The end of first quarter is quickly approaching and I am worried my child is already falling behind. I have tried to talk to my child’s teacher, but I feel like they are not taking my concern seriously. My child’s teacher says she is fine and we should give it more time, however, I am worried if we don’t help my daughter now, she will fall more and more behind. Should I trust what the teacher is saying and let it go? Or do I try to reach out to another source, and if so, where to do I turn?
I think the parent should try to trust the teacher, however staying in connection with the teacher will be very beneficial! This parent needs to have prepared questions…specific questions and concerns that can be asked of the teacher. To see work that is comparable to the daughter’s peers is not unheard-of. The teacher can not show the parent other students work, but examples can be brought into the conversation. I truly believe in communication!
When children begin to struggle in school it is hard on everyone. Parents feel hopeless when they recognize their child is struggling, but don’t know what resources are available to help. Parents want to try to fix the problem, and worry if it isn’t fixed quickly the child will get further behind and become frustrated and not like school.
Turning to the child’s teacher is the first step in the right direction. It is very important to voice concerns to the child’s teacher as soon as worries arise. Teachers like to establish a classroom community and solid routines before determining a child as a struggling student. Usually by first quarter conferences, the end of October, a teacher is more aware if the child just needed a consistent routine, or is seriously struggling with academics. During Parent/Teacher conferences communicate concerns with the teacher and work together to determine a plan. Teachers realize the benefit of a school/home partnership and working together to help the child is powerful.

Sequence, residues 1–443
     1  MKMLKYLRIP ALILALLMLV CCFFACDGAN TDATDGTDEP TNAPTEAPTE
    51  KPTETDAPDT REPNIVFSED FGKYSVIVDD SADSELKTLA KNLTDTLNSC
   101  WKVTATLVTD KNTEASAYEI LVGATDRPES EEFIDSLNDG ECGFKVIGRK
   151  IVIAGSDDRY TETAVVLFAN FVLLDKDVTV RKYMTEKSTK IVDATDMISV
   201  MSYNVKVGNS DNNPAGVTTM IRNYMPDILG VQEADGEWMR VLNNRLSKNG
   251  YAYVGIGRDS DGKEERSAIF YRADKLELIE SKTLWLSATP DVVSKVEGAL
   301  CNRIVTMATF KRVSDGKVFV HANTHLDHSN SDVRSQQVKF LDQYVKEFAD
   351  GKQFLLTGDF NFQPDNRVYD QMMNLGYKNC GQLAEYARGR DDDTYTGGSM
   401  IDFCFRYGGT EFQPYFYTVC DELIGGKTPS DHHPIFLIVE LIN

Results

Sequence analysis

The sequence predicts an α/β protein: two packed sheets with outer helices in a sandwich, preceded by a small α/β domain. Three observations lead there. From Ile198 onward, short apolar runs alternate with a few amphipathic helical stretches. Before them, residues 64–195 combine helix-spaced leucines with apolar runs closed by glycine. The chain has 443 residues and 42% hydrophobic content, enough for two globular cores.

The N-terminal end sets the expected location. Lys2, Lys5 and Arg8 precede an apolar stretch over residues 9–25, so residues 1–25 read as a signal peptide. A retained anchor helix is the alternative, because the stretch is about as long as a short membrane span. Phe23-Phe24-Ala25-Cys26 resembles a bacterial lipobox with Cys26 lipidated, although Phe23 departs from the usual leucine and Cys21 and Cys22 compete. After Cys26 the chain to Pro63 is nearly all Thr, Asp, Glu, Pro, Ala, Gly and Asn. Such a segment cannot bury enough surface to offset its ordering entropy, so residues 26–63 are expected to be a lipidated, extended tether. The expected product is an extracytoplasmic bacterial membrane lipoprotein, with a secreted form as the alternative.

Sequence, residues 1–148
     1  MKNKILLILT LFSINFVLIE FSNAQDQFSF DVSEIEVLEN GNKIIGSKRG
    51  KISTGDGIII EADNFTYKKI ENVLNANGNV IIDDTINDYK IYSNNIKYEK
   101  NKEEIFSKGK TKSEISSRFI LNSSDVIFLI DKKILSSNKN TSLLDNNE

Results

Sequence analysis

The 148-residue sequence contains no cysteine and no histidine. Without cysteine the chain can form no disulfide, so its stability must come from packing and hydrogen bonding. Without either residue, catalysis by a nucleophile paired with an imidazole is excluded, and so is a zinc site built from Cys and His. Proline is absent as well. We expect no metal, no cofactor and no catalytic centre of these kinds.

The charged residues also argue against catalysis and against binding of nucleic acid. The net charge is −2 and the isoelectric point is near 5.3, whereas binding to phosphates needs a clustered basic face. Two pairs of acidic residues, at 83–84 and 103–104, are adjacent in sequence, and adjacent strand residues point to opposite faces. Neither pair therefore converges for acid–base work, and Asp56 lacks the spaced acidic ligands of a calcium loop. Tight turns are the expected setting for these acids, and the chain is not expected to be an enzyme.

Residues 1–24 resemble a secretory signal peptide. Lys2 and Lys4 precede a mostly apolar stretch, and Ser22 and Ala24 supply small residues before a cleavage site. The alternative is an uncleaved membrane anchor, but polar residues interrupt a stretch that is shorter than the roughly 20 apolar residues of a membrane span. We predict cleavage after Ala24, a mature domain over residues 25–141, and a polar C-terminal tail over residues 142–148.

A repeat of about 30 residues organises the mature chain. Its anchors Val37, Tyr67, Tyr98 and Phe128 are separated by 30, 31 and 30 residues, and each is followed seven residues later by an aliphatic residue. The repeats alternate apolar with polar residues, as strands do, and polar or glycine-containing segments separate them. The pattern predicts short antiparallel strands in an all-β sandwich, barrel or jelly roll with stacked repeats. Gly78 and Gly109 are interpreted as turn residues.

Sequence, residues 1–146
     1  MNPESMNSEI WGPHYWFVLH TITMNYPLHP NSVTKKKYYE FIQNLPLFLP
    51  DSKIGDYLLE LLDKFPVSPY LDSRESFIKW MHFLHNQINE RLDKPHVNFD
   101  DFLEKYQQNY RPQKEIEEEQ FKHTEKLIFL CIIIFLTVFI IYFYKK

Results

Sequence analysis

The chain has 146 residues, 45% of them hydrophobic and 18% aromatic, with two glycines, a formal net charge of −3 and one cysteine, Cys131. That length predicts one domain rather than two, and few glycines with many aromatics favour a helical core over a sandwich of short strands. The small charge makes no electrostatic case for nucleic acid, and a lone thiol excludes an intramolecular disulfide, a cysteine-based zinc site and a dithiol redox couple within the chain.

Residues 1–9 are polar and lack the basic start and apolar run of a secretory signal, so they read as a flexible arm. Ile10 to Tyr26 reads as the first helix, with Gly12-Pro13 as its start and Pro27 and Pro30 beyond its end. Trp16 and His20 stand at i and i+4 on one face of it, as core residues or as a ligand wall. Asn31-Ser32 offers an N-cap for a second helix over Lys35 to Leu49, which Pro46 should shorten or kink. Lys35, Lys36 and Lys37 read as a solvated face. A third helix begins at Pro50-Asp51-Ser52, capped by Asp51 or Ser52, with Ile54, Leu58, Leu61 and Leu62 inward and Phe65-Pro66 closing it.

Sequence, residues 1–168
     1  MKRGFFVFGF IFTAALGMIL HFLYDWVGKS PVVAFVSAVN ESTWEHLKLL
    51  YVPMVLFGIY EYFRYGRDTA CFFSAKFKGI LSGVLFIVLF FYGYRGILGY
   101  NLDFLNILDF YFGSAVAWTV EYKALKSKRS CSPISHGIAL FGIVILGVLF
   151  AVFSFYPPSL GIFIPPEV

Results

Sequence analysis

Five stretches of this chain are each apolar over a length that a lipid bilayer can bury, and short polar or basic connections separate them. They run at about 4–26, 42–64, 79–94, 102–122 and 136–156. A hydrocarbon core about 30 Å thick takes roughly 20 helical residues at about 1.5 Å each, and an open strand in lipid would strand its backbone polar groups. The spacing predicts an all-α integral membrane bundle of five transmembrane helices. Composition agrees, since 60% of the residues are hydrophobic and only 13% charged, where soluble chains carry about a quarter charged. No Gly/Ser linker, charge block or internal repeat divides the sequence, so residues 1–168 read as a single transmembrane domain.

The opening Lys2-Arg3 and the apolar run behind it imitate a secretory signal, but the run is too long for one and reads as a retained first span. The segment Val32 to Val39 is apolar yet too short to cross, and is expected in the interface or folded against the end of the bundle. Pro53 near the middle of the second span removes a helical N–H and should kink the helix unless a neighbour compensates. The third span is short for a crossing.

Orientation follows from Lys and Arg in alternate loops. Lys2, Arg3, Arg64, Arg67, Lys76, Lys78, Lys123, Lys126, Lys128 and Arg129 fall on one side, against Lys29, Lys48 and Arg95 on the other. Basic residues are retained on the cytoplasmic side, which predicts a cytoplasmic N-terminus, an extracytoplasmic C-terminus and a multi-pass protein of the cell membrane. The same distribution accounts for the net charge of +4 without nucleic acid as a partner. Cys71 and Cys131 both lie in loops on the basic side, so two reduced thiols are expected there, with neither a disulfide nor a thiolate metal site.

If the parent still doesn’t believe their concern is being taken seriously, make an appointment with the school principal to express concerns. Parents need to surround themselves with a team that only wants what is best for the child. The best advice is to begin establishing a positive relationship with the teacher and the school to work together for the child’s success. Don’t give up, if concerns are not addressed, keep trying until concerns are being heard.
This is a tough situation to be in. I have to say trust the teacher for now. The teacher is trained in their craft, they know how to take students from where they are to where they need to be.
As a parent you are concerned about that final grade and rightfully should be. It is important to advocate for your child, but also trust in the teachers abilities. That teacher is also concerned about the final grade for your child, but is doing what they can to ensure that the learning that is taking place is going to stick around and help your child build a strong foundation moving forward. This takes time and may not be reflected on a grade check right away.
Don’t feel like your only option is let it go or take it a step higher. If you’re worried that nothing is being done, reach out to that teacher, ask them about the strategies and resources they are using to help your child improve. Ask what can I do at home to support and encourage my child to help them stay on track? This is a nice way to show that you are involved and concerned, but also get more information and feedback on the learning process. A phone conference or face-to-face conference between parent and teacher can solve a lot of issues.
If you still feel that your child is not receiving adequate help and support then contact the counselor or principal in that building. At that point you would have a lot more information and be able to illustrate the steps you’ve already taken with the teacher should that not be successful.
If you’re like us, you are probably constantly on the hunt looking for ways to improve your child’s education and help them reach their full potential. Our anonymous panel of teachers have some great advice. If you have a question for the teachers, email us and we’ll send it to them. Then look for your answer here. Email to: info(at)SouthwestMissouriMoms.com.